Industrial Strength Design: How Brooks Stevens Shaped Your World

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Designer Brooks Stevens created thousands of ingenious and beautiful designs for industrial and household products - including a clothes dryer with a window in the front, a wide-mouthed peanut butter jar, and the Oscar Mayer Wienermobile. ("There's nothing more aerodynamic than a wiener," he explained.) In 1954 he coined the phrase "planned obsolescence," defining it as "instilling in the buyer the desire to own something a little newer, a little better, a little sooner than is necessary." This book, the first publication to document his work, includes 250 illustrations of designs by Stevens and his firm, many in color, detailed studies of individual designs, interpretive essays, a description of the Brooks Stevens Archive at the Milwaukee Art Museum, and several key writings by Stevens himself.
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Editorial Reviews

Publishers Weekly
Dismissing the "modernist snobs" of his era, Stevens (1911-1995) concentrated instead on what in style was salable, and more or less revolutionized American mid-century industrial design and packaging: the station wagon, the clothes dryer window, the wide-mouthed peanut-butter jar, the Oscar Mayer Wienermobile and the "Skylark" (or "boomerang") graphic for Formica are just a few of his or his eponymous firm's contributions. This book accompanies an exhibit at the Milwaukee Art Museum, but it is uncommonly (and fittingly) well designed and visually compelling itself. Along with the three other scholars who contribute essays, Chipstone Foundation curator Adamson has a good feel for the social and economic character of the '40s and '50s ("Stevens' Best Years," as one chapter heading puts it) and describes the designs clearly and with sympathy: "This logo was an ingenious creation in itself, in which the 3 and the m were the same shape but rotated ninety degrees from each other." Many pages are a period-evoking cyan rather than white, giving good contrast to the 250 photos and illustrations (40 in color). Anyone who lived in the United States between 1940 and 1975 will recognize the world of this book. (Sept.) Copyright 2003 Reed Business Information.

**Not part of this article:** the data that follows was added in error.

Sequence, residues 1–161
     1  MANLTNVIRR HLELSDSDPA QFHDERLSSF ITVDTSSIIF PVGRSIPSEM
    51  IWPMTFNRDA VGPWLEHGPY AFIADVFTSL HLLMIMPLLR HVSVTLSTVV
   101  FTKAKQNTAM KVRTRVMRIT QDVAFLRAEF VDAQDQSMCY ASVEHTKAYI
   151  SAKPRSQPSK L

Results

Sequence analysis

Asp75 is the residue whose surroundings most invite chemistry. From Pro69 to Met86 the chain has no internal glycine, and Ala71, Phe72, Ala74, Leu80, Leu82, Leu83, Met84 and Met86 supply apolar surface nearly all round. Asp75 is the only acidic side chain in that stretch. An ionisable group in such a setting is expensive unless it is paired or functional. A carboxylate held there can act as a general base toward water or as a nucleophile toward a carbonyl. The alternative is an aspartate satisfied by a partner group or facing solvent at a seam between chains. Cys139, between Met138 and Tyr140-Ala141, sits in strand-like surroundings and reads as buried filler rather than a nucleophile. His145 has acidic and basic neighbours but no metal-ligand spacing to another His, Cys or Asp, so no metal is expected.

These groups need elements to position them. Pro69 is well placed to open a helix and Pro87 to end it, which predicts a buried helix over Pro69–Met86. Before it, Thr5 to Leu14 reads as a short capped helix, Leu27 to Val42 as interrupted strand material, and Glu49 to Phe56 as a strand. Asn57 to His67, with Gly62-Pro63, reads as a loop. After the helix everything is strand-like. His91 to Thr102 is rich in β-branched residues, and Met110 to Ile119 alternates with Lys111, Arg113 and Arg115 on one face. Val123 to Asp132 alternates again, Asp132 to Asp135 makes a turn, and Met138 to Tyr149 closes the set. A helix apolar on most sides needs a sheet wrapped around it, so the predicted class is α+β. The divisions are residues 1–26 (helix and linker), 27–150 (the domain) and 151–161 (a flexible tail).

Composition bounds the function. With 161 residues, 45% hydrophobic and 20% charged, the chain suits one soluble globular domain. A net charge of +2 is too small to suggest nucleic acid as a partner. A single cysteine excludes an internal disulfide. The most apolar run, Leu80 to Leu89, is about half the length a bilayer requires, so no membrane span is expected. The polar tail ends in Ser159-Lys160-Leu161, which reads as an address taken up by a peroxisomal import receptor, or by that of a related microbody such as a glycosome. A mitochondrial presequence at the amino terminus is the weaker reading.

From the Publisher
"Fascinating not only for its display of the products of Stevens's fertile mind but also for its drawing out of the implications his work had for social life." Nancy Tousley Calgary Herald

"A level of scholarship and editorial skill rare in design books from any source." Martin Pawley The Architect's Journal

"A level of scholarship and editorial skill rare in design books from any source." Martin Pawley The Architect's Journal

"...the story of a man, a time and the emergence of an idea—the 20th-century American concept of innovation." Craig M. Vogel American Scientist

"...the story of a man, a time and the emergence of an idea the 20th-century American concept of innovation." Craig M. Vogel American Scientist

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Product Details

  • ISBN-13: 9780262012072
  • Publisher: MIT Press
  • Publication date: 9/1/2003
  • Pages: 300
  • Product dimensions: 9.50 (w) x 11.00 (h) x 0.75 (d)

Meet the Author

Glenn Adamson is curator at the Chipstone Foundation, Milwaukee.

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Table of Contents

The Desire for the New: The Context of Brooks Stevens's Career 1
Brooks Stevens, the Man in Your Life: Shaping the Domestic Sphere, 1935-1950 9
Brooks Stevens: "Ego-Inspiring Styling" and the American Dream 23
Career and Designs
1 Less Than Perfect: Early Influences and First Designs, 1911-1934 33
2 The Right Place at the Right Time: Becoming an Industrial Designer in the Midwest, 1935-1940 43
3 The Prophet of Profit: Stevens in Wartime, 1941-1945 65
4 The Organization Man: Stevens' Best Years, 1946-1955 81
5 The Enfant Terrible of Industrial Design: Planned Obsolescence and Other Crimes Against Modernism, 1956-1978 129
6 The Seer Who Made Milwaukee Famous: Reluctant Retirement, 1978-1994 179
App. 1 Brooks Stevens Staff, 1935-1980 189
App. 2 Writings 195
App. 3 The Brooks Stevens Archives at the Milwaukee Art Museum 209
Bibliography 210
Index 212
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